3 Stars: A Good Read
Hardback: 400 Pages
Publication: January 10, 2013 by Dial
Buy it: Amazon | Kindle | B&N | Book Depository
There is a new king on the throne of Tildor. Currents of political unrest sweep the country as two warring crime families seek power, angling to exploit the young Crown's inexperience. At the Academy of Tildor, the training ground for elite soldiers, Cadet Renee de Winter struggles to keep up with her male peers. But when her mentor, a notorious commander recalled from active duty to teach at the Academy, is kidnapped to fight in illegal gladiator games, Renee and her best friend Alec find themselves thrust into a world rife with crime, sorting through a maze of political intrigue, and struggling to resolve what they want, what is legal, and what is right.
This book wasn't at all what I expected. Taking into account the title of the book and the cover, I thought that this would be an adventure book that boys and girls alike would enjoy. However, this seems to be targeted more towards girls who like to see a strong-willed, passionate heroine that does her best to prove that she can keep up with the boys instead of taking the role of the delicate lady. Mostly, this book seems to be about Renee befriending her commanding officer and going off to rescue him when he gets in a hot mess.
The dialogue is strong. It flows naturally, and it is interesting. It's a great way to get to know the characters and how well they get along. The action and setting isn't developed as well. Most of the focus is on dialogue and little is dedicated to detailing the characters' surroundings, and I had a hard time picturing the setting and what the characters were doing. Most of the focus of the story is on the characters, which lessens the impact of the lack of details on setting and action. I went into this book expecting a lot of action and intrigue, however, and was disappointed to see little development in these areas.
Mostly, the characters fell rather flat for me. None of them seem to grow much over the course of the novel except for Alec, and his change in behavior is sudden and inexplicable. Renee is a headstrong girl and makes many rash decisions based off her emotions instead of thinking about what is best for the Crown that she's determined to serve. This isn't bad if you can relate to her. I think that people who liked Rachel in C.J. Redwine's Defiance will also like Renee. Me, I saw a girl who plows through everything head on without thinking much about the consequences and who takes forever to learn from her mistakes because of her obstinacy. She doesn't seem to be officer material, which is precisely what Servants of the Crown (what she's training to be) are supposed to be. It's only good fortune and good comrades that have kept her alive thus far.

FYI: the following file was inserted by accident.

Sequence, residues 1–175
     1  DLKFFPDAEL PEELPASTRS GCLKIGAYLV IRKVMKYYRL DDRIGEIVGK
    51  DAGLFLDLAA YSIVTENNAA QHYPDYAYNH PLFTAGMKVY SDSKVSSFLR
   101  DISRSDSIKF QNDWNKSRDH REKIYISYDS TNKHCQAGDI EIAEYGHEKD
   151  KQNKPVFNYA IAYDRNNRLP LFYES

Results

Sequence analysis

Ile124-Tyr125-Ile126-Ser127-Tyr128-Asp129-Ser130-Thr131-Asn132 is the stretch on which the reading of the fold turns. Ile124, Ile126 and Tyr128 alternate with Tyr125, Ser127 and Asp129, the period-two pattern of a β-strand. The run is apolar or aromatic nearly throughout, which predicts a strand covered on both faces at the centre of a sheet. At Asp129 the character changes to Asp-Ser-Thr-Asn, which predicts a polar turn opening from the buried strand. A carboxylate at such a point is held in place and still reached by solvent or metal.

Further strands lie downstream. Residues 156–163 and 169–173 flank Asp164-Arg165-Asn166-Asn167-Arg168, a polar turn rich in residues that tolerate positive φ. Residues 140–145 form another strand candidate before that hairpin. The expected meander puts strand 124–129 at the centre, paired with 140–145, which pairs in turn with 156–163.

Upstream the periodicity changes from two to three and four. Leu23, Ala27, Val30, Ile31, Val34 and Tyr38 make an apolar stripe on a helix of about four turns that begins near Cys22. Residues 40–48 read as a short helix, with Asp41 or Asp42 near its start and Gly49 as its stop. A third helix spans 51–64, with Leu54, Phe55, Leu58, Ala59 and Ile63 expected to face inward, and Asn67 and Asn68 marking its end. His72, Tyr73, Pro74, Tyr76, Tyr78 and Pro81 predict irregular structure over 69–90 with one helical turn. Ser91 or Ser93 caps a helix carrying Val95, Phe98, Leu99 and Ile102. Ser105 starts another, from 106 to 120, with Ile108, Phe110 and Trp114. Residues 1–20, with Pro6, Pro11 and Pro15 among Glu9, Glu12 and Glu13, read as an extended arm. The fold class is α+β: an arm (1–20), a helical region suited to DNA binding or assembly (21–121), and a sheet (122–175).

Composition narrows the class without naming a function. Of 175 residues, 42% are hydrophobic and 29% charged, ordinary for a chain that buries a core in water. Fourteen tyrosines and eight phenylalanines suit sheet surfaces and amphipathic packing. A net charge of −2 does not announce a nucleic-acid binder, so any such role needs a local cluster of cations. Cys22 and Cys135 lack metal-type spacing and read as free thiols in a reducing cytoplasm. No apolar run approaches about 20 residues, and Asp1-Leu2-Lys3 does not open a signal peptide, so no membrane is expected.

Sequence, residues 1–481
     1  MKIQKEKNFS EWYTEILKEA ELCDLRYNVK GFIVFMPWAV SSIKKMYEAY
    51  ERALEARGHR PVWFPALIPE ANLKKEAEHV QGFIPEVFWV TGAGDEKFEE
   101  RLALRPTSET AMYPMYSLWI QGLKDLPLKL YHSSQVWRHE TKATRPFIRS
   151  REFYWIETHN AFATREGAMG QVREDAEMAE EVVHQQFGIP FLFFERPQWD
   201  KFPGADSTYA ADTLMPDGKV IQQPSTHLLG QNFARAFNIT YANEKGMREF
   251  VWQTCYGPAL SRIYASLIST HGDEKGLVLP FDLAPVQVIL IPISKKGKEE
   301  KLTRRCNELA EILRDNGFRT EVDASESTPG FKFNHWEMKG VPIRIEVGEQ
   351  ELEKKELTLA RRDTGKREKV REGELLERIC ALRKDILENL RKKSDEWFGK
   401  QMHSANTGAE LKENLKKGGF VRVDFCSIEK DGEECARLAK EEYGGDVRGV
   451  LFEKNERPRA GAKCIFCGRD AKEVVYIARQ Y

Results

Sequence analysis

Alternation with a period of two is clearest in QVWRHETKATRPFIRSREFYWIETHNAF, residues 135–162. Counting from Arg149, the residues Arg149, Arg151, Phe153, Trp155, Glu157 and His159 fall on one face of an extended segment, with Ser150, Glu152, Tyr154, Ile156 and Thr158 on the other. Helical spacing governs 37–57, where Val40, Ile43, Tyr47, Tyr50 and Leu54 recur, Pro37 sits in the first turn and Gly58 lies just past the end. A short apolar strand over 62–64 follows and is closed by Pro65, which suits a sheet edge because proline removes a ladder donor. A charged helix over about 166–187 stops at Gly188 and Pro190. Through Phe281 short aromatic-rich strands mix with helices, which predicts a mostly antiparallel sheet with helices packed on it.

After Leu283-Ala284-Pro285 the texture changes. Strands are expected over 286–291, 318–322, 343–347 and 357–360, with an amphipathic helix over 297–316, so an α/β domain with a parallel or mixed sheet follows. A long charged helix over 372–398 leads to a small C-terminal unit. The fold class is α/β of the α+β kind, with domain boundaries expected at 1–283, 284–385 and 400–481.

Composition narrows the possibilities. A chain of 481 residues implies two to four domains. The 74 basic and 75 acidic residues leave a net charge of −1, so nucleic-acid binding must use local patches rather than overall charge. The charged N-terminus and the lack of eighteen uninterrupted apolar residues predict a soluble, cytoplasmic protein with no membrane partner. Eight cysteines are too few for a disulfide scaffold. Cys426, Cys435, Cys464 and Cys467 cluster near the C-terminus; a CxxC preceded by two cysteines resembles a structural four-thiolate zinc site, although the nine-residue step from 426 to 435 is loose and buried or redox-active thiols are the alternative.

I have a hard time picturing the characters' relationships. There seems to be romance in this book, but there are several guys of interest and I don't know who precisely Renee likes. The one guy she kisses is not the one I expected, and the relationship doesn't seem to go anywhere. Still, there is potential for future romantic development if a sequel comes out. I would also like to see more of Diam, Commander Savoy's younger brother and my favorite character. He's a sweet boy and charms most everyone he meets.
Overall, I did enjoy reading this novel for the most part. The plot was interesting, and there are several surprises in store regarding some of the characters. The leader of the Family isn't the kind of man I was expecting, and Renee's wittiness in coming up with a plan to save Savoy and in presenting it to the appropriate authorities is commendable. Readers who enjoyed Defiance by C.J. Redwine and Throne of Glass by Sarah J. Maas may also enjoy this book.
An ARC was provided by the publisher for review purposes
Alex Lidell is a YA fantasy writer and author of ABNA Finalist The Cadet of Tildor. She fell in love with reading when the school librarian put Tamora Pierce’s Alanna into her hands. Beyond writing, Alex is also a photographer, a horseback rider, and a paramedic. The latter two go hand in hand more often than one would like. She is trying to self-teach herself and her horse to sword-fight.
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